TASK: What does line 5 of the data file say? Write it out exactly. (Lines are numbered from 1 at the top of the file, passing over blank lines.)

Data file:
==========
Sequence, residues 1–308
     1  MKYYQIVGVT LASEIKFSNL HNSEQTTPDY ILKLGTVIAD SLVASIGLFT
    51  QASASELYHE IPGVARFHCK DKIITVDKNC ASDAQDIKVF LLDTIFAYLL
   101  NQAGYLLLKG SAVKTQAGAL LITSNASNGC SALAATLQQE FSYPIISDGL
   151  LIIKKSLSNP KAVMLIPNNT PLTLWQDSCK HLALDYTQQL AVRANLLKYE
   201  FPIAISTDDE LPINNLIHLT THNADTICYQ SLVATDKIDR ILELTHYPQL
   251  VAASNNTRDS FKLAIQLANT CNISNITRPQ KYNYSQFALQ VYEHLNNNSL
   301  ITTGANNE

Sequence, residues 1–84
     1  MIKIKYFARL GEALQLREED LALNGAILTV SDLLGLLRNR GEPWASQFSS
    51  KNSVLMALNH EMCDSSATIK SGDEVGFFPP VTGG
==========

   151  LIIKKSLSNP KAVMLIPNNT PLTLWQDSCK HLALDYTQQL AVRANLLKYE